May 22, 2010
How Oil Saved Bobby Jindal (Reihan Salam, 5/21/10, Daily Beast)
In a series of impassioned public statements, Jindal has all but declared the fight against the oil spill as the moral equivalent of war. "We're going to do what it takes to protect our way of life," he's said, the clear implication being that legal niceties and ideology won't stop him from doing what he deems necessary.Posted by Orrin Judd at May 22, 2010 8:39 AM
Elected as the first Organization Kid governor, Jindal is a talented young wonk who first ran for governor in 2003 after a meteoric rise in state and national politics, After losing that election and winning election to Congress almost immediately afterwards, Jindal was careful not to become a creature of Washington. During Katrina, he traveled throughout the Gulf region in an effort to help guide the federal response to the disaster, bonding with local law enforcement officials and serving as a kind of governor-in-waiting as his erstwhile opponent, the hapless then-governor Kathleen Blanco, failed to project the competence that voters expected of her. Jindal's extraordinary energy in those days helped cement an impression of him as something more than a whiz-kid wonk. Rather, he come across as a hard-charging, decisive leader capable of getting results.
But since his election in 2007, Jindal has inevitably run into rocky shoals, thanks in no small part to a national economy badly battered by the downturn and the jobless recovery and the particular problems facing a notoriously corrupt, poverty-stricken state. Touted as a future presidential candidate, Jindal's response to President Obama's first State of the Union in February of last year was subject to withering critiques from the left and the right, with the blow softened only by an enthusiastic defense from talk-radio icon Rush Limbaugh. The speech was a simple paean to American exceptionalism and the virtues of economic laissez-faire, a fairly unexceptional and arguably overfamiliar litany of conservative cliches. The irony is that Jindal's expertise on the nitty-gritty details of Medicare reform and a range of other complex domestic issues meant that he was one of very few Republican leaders capable of making an incisive yet accessible critique of President Obama's domestic agenda. Yet instead of playing to his strengths, he channeled a good ol' boy tone that came across as cloying and unpersuasive. For whatever reason, it is crisis that brings out the best in Jindal, as we've seen in recent weeks.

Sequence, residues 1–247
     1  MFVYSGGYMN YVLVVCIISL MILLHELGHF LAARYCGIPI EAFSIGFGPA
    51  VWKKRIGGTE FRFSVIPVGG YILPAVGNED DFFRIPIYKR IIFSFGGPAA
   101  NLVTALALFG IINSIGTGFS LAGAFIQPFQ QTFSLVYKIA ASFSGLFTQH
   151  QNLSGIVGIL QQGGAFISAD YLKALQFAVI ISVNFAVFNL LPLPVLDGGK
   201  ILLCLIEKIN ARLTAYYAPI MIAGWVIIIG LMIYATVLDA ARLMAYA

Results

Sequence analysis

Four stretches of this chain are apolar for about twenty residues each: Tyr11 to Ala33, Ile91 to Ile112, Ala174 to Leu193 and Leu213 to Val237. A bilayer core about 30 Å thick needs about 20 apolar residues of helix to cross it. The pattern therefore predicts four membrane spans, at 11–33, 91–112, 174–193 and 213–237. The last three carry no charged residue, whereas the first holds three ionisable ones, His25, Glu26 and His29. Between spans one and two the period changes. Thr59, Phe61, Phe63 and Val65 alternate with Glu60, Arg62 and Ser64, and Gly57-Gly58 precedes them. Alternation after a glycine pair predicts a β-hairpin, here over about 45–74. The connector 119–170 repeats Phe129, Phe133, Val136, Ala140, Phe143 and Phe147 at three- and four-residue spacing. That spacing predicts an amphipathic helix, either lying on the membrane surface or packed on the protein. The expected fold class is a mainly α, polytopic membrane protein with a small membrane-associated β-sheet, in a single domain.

With his data-rich calls for the creation of sand booms and other coastal defense measures, and his very visible efforts to pressure the federal government to take more aggressive action, Jindal has come to embody the response to the oil spill. There's something decidedly unconservative about Jindal's hands-on approach. Like former Florida Governor Jeb Bush, who made a point of taking a leading role in responding to hurricanes and other natural disasters during his tenure, Jindal is playing the role of governor-as-action-hero.